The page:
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EcoWaste: Kiddie chair makers shifting to lead-free paints

Updated

By Philippines News Agency

A group advocating the protection of the environment reported that kiddie chairs being sold in the market are now safe from lead after the manufacturer has shifted to lead-free paints.

Samples of kiddie folding chair and stool with dangerous levels of lead content. (EcoWaste coalition / MANILA BULLETIN)

Samples of kiddie folding chair and stool with dangerous levels of lead content.
(EcoWaste coalition / MANILA BULLETIN)

In a statement, Thony Dizon, coordinator of the EcoWaste Coalition’s Project Protect, said its XRF screening revealed that identical samples of the new metal-framed kiddie chairs with SpongeBob SquarePants and Winnie the Pooh designs had no detectable lead.

“We are delighted to find out that these erstwhile lead-tainted kiddie chairs are now decorated with lead-safe paint. It’s a clear proof that manufacturers of toys and childcare articles are in a position to switch to paint with no added lead that is safe for kids,” Dizon said in a statement.

“But these children’s chairs still lack labeling information and the required certificate of product notification for toys and childcare articles from the health authorities,” he added.

As part of the group’s observance of the International Lead Poisoning Prevention Week of Action, the group bought children’s chairs costing P125–P180 each from general merchandise stores located in Monumento, Caloocan City; Quiapo, Manila; and Libertad, Pasay City.

Using a portable XRF device, the chairs were screened for lead—a toxic substance used as pigment, drier or anti-corrosive agent in paint formulations.

The top two samples with dangerous concentrations of lead were the chair with SpongeBob SquarePants design with 20,680 ppm, followed by the one with a Winnie the Pooh design with 18,831 ppm.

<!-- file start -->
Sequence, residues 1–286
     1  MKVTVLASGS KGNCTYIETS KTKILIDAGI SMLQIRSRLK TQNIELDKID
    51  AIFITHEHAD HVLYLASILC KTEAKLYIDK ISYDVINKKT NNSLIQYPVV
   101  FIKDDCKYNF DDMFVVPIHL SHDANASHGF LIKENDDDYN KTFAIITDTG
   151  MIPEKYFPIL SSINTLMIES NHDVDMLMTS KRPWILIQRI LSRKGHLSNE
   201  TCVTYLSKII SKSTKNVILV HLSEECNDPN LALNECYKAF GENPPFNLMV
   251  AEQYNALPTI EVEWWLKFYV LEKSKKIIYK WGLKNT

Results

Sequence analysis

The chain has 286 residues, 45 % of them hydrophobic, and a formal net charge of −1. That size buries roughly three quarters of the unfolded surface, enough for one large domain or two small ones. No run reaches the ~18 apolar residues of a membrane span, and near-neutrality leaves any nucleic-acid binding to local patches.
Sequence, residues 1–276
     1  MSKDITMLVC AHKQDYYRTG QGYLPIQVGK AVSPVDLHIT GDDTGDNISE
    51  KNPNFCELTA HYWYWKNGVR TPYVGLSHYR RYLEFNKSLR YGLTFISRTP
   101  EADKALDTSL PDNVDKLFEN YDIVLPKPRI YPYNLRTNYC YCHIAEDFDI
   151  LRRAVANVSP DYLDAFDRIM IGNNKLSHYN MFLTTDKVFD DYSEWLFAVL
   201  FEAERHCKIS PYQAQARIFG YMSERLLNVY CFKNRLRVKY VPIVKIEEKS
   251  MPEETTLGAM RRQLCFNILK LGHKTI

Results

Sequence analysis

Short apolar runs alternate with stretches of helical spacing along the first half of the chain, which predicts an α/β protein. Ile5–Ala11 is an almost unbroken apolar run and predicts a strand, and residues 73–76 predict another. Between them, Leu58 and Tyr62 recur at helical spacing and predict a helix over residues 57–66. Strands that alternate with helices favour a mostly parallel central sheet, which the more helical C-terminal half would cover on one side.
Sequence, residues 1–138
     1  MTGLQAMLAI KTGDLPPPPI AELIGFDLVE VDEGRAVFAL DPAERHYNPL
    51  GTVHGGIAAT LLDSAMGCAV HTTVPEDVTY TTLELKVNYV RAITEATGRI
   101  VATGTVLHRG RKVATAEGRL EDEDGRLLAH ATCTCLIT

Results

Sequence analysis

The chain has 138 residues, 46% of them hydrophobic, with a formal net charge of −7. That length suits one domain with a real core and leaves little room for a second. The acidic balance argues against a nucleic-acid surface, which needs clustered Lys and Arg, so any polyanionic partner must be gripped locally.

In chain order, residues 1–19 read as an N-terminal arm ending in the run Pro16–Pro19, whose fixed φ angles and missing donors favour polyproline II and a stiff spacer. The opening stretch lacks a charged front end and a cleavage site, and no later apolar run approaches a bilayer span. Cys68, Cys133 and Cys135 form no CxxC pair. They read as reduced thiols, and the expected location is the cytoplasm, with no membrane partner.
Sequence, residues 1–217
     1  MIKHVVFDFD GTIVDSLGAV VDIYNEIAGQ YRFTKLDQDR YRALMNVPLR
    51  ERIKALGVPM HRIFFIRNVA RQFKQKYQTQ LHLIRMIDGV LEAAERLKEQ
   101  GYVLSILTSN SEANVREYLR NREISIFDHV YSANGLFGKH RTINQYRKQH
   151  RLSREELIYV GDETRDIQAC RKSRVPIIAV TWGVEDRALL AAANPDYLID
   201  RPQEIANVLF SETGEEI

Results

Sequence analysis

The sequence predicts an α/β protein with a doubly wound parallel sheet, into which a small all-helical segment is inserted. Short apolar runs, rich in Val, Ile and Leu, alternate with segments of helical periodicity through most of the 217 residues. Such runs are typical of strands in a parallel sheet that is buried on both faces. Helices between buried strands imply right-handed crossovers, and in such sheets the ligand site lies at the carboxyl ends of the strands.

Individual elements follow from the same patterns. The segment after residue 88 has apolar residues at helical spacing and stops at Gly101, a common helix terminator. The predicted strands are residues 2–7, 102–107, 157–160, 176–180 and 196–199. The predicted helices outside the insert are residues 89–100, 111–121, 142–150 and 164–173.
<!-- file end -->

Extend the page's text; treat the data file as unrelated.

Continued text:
However, a third sample—a folding kiddie chair with a flower-like character design—was found to contain 8,782 ppm of lead.

“As this lead-painted chair is used, damaged or chip with time, the lead can be released in dust that children can swallow or breathe in. Kids tend to put their hands as well as objects in their mouths, which raises their chances of ingesting lead-containing dust and even paint chips that may have higher lead content,” Dizon added.

Lead can harm the brain and the central nervous system, as well as the circulatory systems, kidneys and bones. Lead exposure is associated with reduced intelligence, poorer school performance, inattentiveness, hyperactivity, impulsive and violent behavior, juvenile delinquency and incarceration.

“As lead is most harmful to young children even at low levels of exposures, we urge manufacturers, importers, distributors, wholesalers and retailers of toys and other childcare articles to use lead-safe paint at all times,” he said.

Lead-containing paints for architectural, decorative and household uses are to be phased out from the market by December 31, 2016 as per DENR administrative order 2013-24.

With this, he urged business establishments to sell only lead-free toys and such items.

“While the ban will only take effect after December 31, we ask all business establishments, especially those that cater to budget-conscious consumers, not to offer their customers with lead-contaminated toys and related products,” he said.

“Toys and related products,” as clarified in the Environmental Management Bureau’s Memorandum Circular 2016-10 issued on August 28, 2016, include home furnishings and fixtures such as cribs, chairs, tables, shelves, walkers, strollers, beds, decorative materials and embellishments for children’s use.

Also included in this product category are indoor and outdoor playground equipment, board games intended for children, art materials, science kits and crafts, children’s books and reference materials, children’s accessories, electronic gadgets and other children’s products.

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